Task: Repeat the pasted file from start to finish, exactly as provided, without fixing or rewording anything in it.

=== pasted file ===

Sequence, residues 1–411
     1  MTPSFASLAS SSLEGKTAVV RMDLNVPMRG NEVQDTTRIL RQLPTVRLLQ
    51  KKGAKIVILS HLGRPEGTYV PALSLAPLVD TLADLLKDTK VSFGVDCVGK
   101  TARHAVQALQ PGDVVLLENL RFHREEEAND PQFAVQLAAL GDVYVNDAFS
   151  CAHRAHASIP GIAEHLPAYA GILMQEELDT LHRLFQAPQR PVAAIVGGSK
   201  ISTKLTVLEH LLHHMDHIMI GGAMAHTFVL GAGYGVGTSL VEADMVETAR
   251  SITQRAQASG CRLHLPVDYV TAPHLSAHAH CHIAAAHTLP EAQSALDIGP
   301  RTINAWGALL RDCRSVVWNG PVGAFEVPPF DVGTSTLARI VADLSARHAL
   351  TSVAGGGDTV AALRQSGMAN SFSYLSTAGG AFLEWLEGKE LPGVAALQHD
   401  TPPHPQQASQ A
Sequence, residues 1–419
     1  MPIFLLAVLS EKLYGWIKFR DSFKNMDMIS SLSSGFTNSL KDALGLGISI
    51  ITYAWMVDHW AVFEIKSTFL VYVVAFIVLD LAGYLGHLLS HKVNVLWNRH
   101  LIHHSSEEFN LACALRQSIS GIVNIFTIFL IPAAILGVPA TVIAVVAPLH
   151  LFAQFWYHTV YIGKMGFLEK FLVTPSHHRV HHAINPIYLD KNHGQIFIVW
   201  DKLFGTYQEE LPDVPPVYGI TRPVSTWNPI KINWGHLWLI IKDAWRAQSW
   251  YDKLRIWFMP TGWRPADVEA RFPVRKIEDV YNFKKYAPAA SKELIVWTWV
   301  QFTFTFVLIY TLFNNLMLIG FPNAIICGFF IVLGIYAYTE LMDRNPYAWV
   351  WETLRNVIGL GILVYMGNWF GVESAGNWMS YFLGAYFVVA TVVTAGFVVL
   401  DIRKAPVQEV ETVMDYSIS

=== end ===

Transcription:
Sequence, residues 1–411
     1  MTPSFASLAS SSLEGKTAVV RMDLNVPMRG NEVQDTTRIL RQLPTVRLLQ
    51  KKGAKIVILS HLGRPEGTYV PALSLAPLVD TLADLLKDTK VSFGVDCVGK
   101  TARHAVQALQ PGDVVLLENL RFHREEEAND PQFAVQLAAL GDVYVNDAFS
   151  CAHRAHASIP GIAEHLPAYA GILMQEELDT LHRLFQAPQR PVAAIVGGSK
   201  ISTKLTVLEH LLHHMDHIMI GGAMAHTFVL GAGYGVGTSL VEADMVETAR
   251  SITQRAQASG CRLHLPVDYV TAPHLSAHAH CHIAAAHTLP EAQSALDIGP
   301  RTINAWGALL RDCRSVVWNG PVGAFEVPPF DVGTSTLARI VADLSARHAL
   351  TSVAGGGDTV AALRQSGMAN SFSYLSTAGG AFLEWLEGKE LPGVAALQHD
   401  TPPHPQQASQ A
Sequence, residues 1–419
     1  MPIFLLAVLS EKLYGWIKFR DSFKNMDMIS SLSSGFTNSL KDALGLGISI
    51  ITYAWMVDHW AVFEIKSTFL VYVVAFIVLD LAGYLGHLLS HKVNVLWNRH
   101  LIHHSSEEFN LACALRQSIS GIVNIFTIFL IPAAILGVPA TVIAVVAPLH
   151  LFAQFWYHTV YIGKMGFLEK FLVTPSHHRV HHAINPIYLD KNHGQIFIVW
   201  DKLFGTYQEE LPDVPPVYGI TRPVSTWNPI KINWGHLWLI IKDAWRAQSW
   251  YDKLRIWFMP TGWRPADVEA RFPVRKIEDV YNFKKYAPAA SKELIVWTWV
   301  QFTFTFVLIY TLFNNLMLIG FPNAIICGFF IVLGIYAYTE LMDRNPYAWV
   351  WETLRNVIGL GILVYMGNWF GVESAGNWMS YFLGAYFVVA TVVTAGFVVL
   401  DIRKAPVQEV ETVMDYSIS